A major language disorder that can affect adults with brain damage is aphasia. Stroke is the main cause of aphasia today (Dickey et al., 2010; National Aphasia Association, n.d.). Aphasia is present in 21–38% of acute stroke patients and is associated with high short- and long-term morbidity, mortality, and expenditure (Berthier, 2005). Unfortunately, although mortality rates for stroke have decreased, the absolute number of people who have stroke annually is increasing, with most of the burden in low- and middle-income countries (Krishnamurthi et al., 2013), such as Brazil.
In view of the consensus that education impacts cognitive functions, it is important that language assessment be based on reliable parameters for this group. It is also relevant given the formal nature of the tests applied, which may promote anxiety over the novel experience of testing. Besides, low education can simulate or overshadow the effects of neurological damage (Beausoleil, Fortin, Le Blanc, and Joanette, 2003) leading to false positive results (Akashi & Ortiz, 2018; Nunes et al., 2009).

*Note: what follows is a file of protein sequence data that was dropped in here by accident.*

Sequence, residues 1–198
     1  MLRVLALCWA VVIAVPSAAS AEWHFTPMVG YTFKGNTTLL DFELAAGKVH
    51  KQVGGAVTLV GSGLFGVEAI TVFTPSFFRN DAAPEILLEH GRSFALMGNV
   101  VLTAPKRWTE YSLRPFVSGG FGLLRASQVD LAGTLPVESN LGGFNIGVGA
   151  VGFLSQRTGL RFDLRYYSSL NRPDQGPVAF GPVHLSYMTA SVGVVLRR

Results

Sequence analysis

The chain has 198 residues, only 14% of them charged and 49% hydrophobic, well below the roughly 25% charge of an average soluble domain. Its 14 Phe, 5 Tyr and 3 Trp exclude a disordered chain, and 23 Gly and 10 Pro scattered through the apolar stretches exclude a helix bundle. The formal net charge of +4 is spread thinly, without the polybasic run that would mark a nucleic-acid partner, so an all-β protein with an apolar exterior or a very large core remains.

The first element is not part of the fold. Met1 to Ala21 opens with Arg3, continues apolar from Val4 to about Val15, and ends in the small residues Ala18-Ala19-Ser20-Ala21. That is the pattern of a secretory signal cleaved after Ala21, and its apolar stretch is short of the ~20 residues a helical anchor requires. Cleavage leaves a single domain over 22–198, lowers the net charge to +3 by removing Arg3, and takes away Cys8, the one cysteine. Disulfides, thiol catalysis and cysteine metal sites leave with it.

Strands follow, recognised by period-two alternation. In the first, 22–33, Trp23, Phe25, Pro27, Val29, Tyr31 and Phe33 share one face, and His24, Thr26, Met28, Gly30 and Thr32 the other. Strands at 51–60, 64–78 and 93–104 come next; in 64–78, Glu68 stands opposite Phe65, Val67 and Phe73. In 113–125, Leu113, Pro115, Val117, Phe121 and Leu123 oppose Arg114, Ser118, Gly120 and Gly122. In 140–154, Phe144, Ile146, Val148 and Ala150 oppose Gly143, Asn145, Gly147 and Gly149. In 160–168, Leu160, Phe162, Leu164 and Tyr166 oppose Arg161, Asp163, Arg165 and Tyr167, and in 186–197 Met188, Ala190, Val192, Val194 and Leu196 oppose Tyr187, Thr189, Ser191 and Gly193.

Regarding the assessment of persons with aphasia (PWA), formal assessment is especially important for the longitudinal follow-up and for the objective control of the gains obtained with rehabilitation. In Brazil, one validated is the MTL -BR Battery. The normative data presented, however, have been obtained from adults with at least 5 years of formal education. More recently, a pilot study (Akashi & Ortiz, 2018) applying the MTL-BR revealed differences in performance between subjects with 5–8 years’ education and 2–4 years of formal education. The disparities found were so marked that, on some linguistic tasks, individuals in the less education group were diagnosed with language disorders. This finding suggests that, every year of formal education, particularly in the early stages of learning, can modify and impact cognitive performance. If it is specifically true, it is expected that people no formal education perform even worse on the MT-BR tasks. Besides, by the other hand, would be helpful to investigate which tasks low-educated or individuals with no formal education could perform as well as high-educated individuals. Then, based on the hypothesis that each year of education contributes to cognitive development, the primary objective of the present study was to compare the performance of individuals with no formal education versus low-educated subjects on the language subtests from the MTL-BR Battery to determine the effect of formal education on language. If a clinical difference is found (as expected), the data obtained from this study can be observed and considered when PWA with no previous formal education are exposed to the test and also could highlight specific tasks that probably not suffer the interference from a formal education.